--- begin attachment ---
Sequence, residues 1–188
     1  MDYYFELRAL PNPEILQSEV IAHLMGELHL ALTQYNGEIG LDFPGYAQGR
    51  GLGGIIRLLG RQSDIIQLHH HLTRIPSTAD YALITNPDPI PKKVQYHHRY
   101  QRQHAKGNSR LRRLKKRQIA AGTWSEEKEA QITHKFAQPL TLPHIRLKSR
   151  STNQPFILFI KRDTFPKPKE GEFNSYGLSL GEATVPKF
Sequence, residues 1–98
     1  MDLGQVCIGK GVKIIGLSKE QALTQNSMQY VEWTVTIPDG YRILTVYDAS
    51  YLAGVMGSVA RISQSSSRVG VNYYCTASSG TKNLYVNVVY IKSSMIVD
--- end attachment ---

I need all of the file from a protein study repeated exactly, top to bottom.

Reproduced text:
Sequence, residues 1–188
     1  MDYYFELRAL PNPEILQSEV IAHLMGELHL ALTQYNGEIG LDFPGYAQGR
    51  GLGGIIRLLG RQSDIIQLHH HLTRIPSTAD YALITNPDPI PKKVQYHHRY
   101  QRQHAKGNSR LRRLKKRQIA AGTWSEEKEA QITHKFAQPL TLPHIRLKSR
   151  STNQPFILFI KRDTFPKPKE GEFNSYGLSL GEATVPKF
Sequence, residues 1–98
     1  MDLGQVCIGK GVKIIGLSKE QALTQNSMQY VEWTVTIPDG YRILTVYDAS
    51  YLAGVMGSVA RISQSSSRVG VNYYCTASSG TKNLYVNVVY IKSSMIVD